One fellow each year is selected for the program, which teaches physicians-in-training to leverage the media in order to advocate and inform on global health issues
Gina Yu expected her first day interning at CNN would be fairly relaxed — meeting colleagues, being shown around the office, setting up email passwords — akin to starting a new job in any big organization.
It didn’t turn out that way.
“I got a quick welcome and was casually asked if I happened to know anything about coronaviruses,” said the UMMS medical student. “Then, my manager announced that Washington had the first confirmed case of novel coronavirus. My first assignment was to try figure out which hospital this patient was at to see if we could get an interview.”
January 21, 2020, the day the first U.S. case of what would come to be known as COVID-19 was publicly disclosed, coincided with Yu’s arrival at the CNN headquarters in Atlanta. Her three-month internship was the cornerstone of a year-long Global Health Media Fellowship run through Stanford University. One fellow each year is selected for the program, which teaches physicians-in-training to leverage the media in order to advocate and inform on global health issues.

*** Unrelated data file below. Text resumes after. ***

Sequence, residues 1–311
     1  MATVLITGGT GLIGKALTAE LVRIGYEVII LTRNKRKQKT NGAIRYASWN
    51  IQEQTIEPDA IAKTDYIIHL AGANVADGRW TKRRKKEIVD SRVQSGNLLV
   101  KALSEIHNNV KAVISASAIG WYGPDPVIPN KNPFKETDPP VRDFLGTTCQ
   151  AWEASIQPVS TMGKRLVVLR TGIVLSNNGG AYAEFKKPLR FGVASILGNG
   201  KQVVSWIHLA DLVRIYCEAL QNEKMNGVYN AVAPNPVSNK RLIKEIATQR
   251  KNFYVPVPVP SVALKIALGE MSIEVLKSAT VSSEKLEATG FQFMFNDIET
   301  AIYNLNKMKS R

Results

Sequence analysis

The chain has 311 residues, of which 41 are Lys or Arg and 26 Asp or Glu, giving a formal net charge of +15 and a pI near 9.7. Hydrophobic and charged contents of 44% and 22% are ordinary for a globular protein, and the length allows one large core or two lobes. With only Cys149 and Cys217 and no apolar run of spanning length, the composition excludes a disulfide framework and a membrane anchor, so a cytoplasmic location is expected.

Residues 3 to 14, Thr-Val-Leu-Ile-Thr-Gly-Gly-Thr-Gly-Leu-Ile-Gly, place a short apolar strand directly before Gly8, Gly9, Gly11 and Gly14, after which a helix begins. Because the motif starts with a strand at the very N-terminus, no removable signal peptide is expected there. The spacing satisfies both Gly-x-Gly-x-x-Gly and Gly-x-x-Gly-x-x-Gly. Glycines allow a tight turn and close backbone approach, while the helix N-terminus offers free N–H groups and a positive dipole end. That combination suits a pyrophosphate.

Participants spend the fall semester taking master’s level journalism classes at Stanford before moving to Atlanta to work with CNN chief medical correspondent Dr. Sanjay Gupta and others at the CNN Health team.
Yu, a fourth-year medical student from Saline, Mich. was the first-ever UMMS participant in the program, and 2020 was a particularly fateful year to be involved; the coronavirus pandemic was a confluence of every aspect of the fellowship, a global public health crisis that became the year-long focus of a media maelstrom.